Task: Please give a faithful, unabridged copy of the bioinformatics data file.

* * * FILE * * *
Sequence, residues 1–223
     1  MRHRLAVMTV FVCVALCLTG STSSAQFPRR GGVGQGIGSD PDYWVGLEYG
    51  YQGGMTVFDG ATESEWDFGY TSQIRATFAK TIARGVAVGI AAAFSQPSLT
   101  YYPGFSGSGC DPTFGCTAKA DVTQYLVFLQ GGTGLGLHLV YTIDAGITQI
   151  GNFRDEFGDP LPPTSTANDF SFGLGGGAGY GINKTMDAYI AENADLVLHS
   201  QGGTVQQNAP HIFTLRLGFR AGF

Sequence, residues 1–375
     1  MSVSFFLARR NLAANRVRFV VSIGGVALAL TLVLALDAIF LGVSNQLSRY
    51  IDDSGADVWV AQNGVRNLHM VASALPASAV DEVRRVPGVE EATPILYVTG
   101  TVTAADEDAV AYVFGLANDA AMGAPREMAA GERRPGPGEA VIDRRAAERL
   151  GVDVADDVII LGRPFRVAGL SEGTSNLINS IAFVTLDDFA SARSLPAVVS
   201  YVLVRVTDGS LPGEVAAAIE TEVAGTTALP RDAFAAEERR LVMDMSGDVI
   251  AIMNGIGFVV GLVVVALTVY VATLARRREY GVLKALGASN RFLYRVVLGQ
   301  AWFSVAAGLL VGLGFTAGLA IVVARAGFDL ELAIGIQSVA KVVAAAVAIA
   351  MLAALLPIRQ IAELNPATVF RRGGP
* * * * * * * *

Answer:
Sequence, residues 1–223
     1  MRHRLAVMTV FVCVALCLTG STSSAQFPRR GGVGQGIGSD PDYWVGLEYG
    51  YQGGMTVFDG ATESEWDFGY TSQIRATFAK TIARGVAVGI AAAFSQPSLT
   101  YYPGFSGSGC DPTFGCTAKA DVTQYLVFLQ GGTGLGLHLV YTIDAGITQI
   151  GNFRDEFGDP LPPTSTANDF SFGLGGGAGY GINKTMDAYI AENADLVLHS
   201  QGGTVQQNAP HIFTLRLGFR AGF

Sequence, residues 1–375
     1  MSVSFFLARR NLAANRVRFV VSIGGVALAL TLVLALDAIF LGVSNQLSRY
    51  IDDSGADVWV AQNGVRNLHM VASALPASAV DEVRRVPGVE EATPILYVTG
   101  TVTAADEDAV AYVFGLANDA AMGAPREMAA GERRPGPGEA VIDRRAAERL
   151  GVDVADDVII LGRPFRVAGL SEGTSNLINS IAFVTLDDFA SARSLPAVVS
   201  YVLVRVTDGS LPGEVAAAIE TEVAGTTALP RDAFAAEERR LVMDMSGDVI
   251  AIMNGIGFVV GLVVVALTVY VATLARRREY GVLKALGASN RFLYRVVLGQ
   301  AWFSVAAGLL VGLGFTAGLA IVVARAGFDL ELAIGIQSVA KVVAAAVAIA
   351  MLAALLPIRQ IAELNPATVF RRGGP